A Finger on the Pulse of the World

/ by Maggie Wittlin /

Constructal theory, once used to explain river basin shape, predicts all animal locomotion.

Adrian Bejan at work with natural patterns. Credit: Duke University Photography

Move over, Clarissa. Duke mechanical engineering professor Adrian Bejan thinks he can explain it all.

In a paper published in the January, 2006 issue of the Journal of Experimental Biology, Bejan and Penn State biology professor James Marden claim that one simple theory can quantitatively explain important characteristics of animal movement, independent of whether the animal runs, swims or flies. The method, constructal theory, is a principle Bejan developed in the late ‘90s to explain the shape of river basins. He’s already used the hypothesis to model a diverse array of natural phenomena that involve repetition or flow, from breathing, to air current paths, to bird migration routes.

“I think it is a big thing to have a principle that explains why a pattern occurs in nature,” Bejan said. “And now we have this huge body of evidence in animal locomotion supporting what this simple, intuitive-feeling physics statement predicts.”

Constructal theory says that a system not in equilibrium will, over time, generate paths that allow currents to flow with easiest access and least resistance. Essentially, systems evolve so they experience the least friction and maximize efficiency. In terms of locomotion, this means animals move in a way that minimizes energy spent.

Stunningly, by when this minimization takes place in a single two part movement—such as the up-down flap of a bird’s wings—even a freshman physics student can derive specific properties of the animal’s motion. The theory correctly predicts how an animal’s velocity, frequency of motion, and the force it applies to water, air or the earth will vary with its mass.

For example, a bird does two things during a single flap of its wings: It lifts its own weight and overcomes air drag. Therefore, the total energy used up during a flap equals the change in gravitational potential energy plus the energy lost to the friction of the air. This total energy-per-flap can be expressed in an equation containing the bird’s velocity, its mass. By minimizing energy loss with respect to velocity, the velocity can be expressed in terms of the animal’s mass and body density. Similar manipulations can find flapping frequency and the force applied to the air.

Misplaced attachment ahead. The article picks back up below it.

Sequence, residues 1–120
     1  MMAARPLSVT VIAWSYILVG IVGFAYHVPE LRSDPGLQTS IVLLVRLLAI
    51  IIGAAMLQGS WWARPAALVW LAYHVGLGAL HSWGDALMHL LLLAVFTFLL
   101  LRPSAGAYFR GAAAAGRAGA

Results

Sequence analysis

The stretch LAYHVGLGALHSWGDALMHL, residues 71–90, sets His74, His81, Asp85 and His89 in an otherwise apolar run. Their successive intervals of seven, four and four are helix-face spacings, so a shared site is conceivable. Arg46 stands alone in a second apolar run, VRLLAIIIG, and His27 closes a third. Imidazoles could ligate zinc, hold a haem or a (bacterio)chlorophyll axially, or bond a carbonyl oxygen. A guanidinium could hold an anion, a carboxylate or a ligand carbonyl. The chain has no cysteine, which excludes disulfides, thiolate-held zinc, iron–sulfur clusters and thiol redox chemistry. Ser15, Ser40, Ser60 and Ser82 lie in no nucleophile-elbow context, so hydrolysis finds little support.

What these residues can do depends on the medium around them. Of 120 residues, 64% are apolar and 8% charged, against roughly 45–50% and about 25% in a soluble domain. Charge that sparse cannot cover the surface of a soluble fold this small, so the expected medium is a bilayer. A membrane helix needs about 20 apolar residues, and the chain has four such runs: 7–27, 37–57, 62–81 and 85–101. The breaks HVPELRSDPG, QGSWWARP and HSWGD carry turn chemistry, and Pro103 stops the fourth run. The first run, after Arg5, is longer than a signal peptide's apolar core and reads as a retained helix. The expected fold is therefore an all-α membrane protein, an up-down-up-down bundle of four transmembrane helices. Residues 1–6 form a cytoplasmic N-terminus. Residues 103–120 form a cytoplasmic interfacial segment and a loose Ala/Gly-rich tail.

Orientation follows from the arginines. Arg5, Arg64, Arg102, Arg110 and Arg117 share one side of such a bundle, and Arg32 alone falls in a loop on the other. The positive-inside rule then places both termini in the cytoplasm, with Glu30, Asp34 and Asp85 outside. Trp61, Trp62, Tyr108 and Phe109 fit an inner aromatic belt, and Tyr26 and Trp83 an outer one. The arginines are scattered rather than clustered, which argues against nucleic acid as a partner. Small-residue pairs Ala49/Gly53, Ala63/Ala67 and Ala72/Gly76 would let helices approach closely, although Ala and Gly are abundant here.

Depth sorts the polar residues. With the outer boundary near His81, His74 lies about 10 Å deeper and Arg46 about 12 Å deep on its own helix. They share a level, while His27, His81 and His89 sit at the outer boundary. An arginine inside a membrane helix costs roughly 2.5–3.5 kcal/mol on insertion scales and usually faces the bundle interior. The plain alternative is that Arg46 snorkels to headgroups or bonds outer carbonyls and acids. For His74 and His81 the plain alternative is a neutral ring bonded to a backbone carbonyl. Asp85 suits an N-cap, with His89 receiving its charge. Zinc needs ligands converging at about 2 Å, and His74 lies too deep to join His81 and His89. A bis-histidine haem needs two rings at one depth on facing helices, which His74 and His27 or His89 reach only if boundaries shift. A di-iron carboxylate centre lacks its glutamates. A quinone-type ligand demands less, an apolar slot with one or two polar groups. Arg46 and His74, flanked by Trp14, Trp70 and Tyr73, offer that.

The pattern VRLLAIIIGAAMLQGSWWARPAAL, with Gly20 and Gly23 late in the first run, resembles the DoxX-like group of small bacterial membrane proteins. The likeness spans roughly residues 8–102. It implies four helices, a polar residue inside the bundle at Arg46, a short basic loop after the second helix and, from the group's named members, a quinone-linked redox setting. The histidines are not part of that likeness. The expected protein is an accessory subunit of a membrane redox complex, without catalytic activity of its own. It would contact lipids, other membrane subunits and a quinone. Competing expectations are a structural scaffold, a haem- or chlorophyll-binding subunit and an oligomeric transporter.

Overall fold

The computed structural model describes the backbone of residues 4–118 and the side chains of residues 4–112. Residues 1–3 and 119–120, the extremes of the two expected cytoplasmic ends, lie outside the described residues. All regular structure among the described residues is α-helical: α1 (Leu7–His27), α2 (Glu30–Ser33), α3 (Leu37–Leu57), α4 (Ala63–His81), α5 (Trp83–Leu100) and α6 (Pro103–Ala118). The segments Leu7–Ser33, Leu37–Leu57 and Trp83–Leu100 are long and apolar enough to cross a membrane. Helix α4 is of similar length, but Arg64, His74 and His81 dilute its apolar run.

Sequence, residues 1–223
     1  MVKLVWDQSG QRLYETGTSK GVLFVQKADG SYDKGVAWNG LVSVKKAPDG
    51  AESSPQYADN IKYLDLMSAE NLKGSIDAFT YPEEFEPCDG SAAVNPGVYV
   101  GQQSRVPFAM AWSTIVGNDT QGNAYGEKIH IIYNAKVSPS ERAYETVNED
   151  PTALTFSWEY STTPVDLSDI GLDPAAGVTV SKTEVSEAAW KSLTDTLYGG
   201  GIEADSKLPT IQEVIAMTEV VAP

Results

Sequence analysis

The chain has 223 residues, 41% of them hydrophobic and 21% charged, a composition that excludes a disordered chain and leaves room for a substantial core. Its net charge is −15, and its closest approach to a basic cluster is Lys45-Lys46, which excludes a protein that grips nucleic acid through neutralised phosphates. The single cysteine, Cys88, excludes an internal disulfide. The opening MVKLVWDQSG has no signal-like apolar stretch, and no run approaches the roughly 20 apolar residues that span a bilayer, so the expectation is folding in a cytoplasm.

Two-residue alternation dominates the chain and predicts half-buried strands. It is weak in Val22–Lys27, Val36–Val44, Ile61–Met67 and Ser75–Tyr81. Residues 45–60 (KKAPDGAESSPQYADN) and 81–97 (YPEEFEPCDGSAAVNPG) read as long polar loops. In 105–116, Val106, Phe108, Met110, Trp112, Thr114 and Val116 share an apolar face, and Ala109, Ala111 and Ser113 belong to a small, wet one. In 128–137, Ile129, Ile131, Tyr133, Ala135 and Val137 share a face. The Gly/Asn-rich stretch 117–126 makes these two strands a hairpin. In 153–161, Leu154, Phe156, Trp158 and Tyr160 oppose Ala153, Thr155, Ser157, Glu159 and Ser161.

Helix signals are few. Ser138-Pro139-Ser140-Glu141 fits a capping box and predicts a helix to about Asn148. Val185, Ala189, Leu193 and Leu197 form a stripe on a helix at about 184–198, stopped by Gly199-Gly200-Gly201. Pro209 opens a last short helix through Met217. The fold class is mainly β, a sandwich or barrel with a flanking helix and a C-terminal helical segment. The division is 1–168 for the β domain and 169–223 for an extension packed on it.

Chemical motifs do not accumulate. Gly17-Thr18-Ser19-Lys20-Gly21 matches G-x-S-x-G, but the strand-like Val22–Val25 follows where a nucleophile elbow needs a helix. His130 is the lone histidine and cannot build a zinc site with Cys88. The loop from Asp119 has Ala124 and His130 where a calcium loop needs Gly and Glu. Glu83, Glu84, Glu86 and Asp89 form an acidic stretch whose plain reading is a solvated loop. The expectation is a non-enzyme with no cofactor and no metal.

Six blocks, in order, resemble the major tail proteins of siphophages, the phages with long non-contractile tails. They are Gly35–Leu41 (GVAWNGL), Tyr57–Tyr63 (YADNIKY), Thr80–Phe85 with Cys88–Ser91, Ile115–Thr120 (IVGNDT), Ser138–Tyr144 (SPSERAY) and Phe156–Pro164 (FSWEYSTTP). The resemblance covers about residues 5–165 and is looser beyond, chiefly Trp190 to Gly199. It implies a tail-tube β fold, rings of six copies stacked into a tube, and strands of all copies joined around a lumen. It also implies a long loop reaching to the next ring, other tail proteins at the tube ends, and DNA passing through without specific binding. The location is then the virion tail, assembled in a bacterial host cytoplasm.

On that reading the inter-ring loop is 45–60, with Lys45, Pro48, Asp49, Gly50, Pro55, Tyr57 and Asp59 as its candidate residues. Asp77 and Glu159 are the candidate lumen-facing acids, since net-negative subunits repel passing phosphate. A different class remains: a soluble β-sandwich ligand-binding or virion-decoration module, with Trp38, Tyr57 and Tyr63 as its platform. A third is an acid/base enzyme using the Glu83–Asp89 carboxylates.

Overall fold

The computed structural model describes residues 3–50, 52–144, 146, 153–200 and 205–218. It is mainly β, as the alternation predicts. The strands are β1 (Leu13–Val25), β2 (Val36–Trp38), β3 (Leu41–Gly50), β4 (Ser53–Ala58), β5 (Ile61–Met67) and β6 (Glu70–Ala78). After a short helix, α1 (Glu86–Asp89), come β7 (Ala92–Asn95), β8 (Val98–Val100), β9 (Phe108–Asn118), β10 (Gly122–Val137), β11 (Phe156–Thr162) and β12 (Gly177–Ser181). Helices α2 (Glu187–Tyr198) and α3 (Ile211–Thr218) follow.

The researchers predicted from their theory that larger birds fly faster and flap their wings less frequently but with greater force.

“These predictions match all the data that people have been collecting in zoology,” Bejan said. “This theory in question has been tested voluminously and the theory predicts everything.”

It may be counterintuitive to think the same theory that applies to fliers and runners also applies to swimmers. Fish are not generally thought of as exerting a gravitational force on the ground, but, according to Bejan, coauthor Marden has shown that fish deform the shape of surface water and thereby put increasing pressure on the ocean floor.

“Ultimately the hard ground has to feel the movement of the animal that’s trying to move relative to the hard ground,” he said. “The firm spot that allows everyone to have locomotion is the Earth.”

Bejan boasted that his theory can explain patterns found in nature that are often deemed random or chaotic; he believes constructal theory shows that randomness is not a factor in natural patterns.

“What I’m telling you is totally, let’s say, the upside-down of what the proponents of chance and non-determinism have been promoting for more than a hundred years.” Bejan said. “This is—how should I say—the end of the story. The end of the argument. A law of physics that says it all, and it takes less space in a future physics book than all this debate that currently has led to things such as chaos and chance and fluctuations and turbulence and other buzz words that mean ‘I don’t know.’”

In addition to its ease of use, Bejan says constructal theory has stood up to all of its critics.

“The reason we are publishing it is because we were able to overcome opposition from, obviously, extremely famous biologists who insist that gravity has nothing to do with swimming,” he said.

“This is a theory full of blood.”

Originally published January 13, 2006

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